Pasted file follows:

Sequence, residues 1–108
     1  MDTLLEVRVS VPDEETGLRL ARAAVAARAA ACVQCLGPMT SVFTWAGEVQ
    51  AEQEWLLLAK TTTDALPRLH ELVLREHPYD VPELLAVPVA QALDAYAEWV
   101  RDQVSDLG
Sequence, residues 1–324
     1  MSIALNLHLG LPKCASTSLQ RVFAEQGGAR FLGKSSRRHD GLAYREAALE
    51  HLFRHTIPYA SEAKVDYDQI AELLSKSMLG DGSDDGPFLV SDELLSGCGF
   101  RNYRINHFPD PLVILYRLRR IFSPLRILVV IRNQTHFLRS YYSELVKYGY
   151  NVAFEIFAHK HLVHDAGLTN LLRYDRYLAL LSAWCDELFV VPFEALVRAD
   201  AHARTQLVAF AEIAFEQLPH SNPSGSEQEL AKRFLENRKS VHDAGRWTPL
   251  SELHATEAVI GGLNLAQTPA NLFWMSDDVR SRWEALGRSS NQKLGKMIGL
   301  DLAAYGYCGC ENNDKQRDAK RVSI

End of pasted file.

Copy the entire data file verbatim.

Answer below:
Sequence, residues 1–108
     1  MDTLLEVRVS VPDEETGLRL ARAAVAARAA ACVQCLGPMT SVFTWAGEVQ
    51  AEQEWLLLAK TTTDALPRLH ELVLREHPYD VPELLAVPVA QALDAYAEWV
   101  RDQVSDLG
Sequence, residues 1–324
     1  MSIALNLHLG LPKCASTSLQ RVFAEQGGAR FLGKSSRRHD GLAYREAALE
    51  HLFRHTIPYA SEAKVDYDQI AELLSKSMLG DGSDDGPFLV SDELLSGCGF
   101  RNYRINHFPD PLVILYRLRR IFSPLRILVV IRNQTHFLRS YYSELVKYGY
   151  NVAFEIFAHK HLVHDAGLTN LLRYDRYLAL LSAWCDELFV VPFEALVRAD
   201  AHARTQLVAF AEIAFEQLPH SNPSGSEQEL AKRFLENRKS VHDAGRWTPL
   251  SELHATEAVI GGLNLAQTPA NLFWMSDDVR SRWEALGRSS NQKLGKMIGL
   301  DLAAYGYCGC ENNDKQRDAK RVSI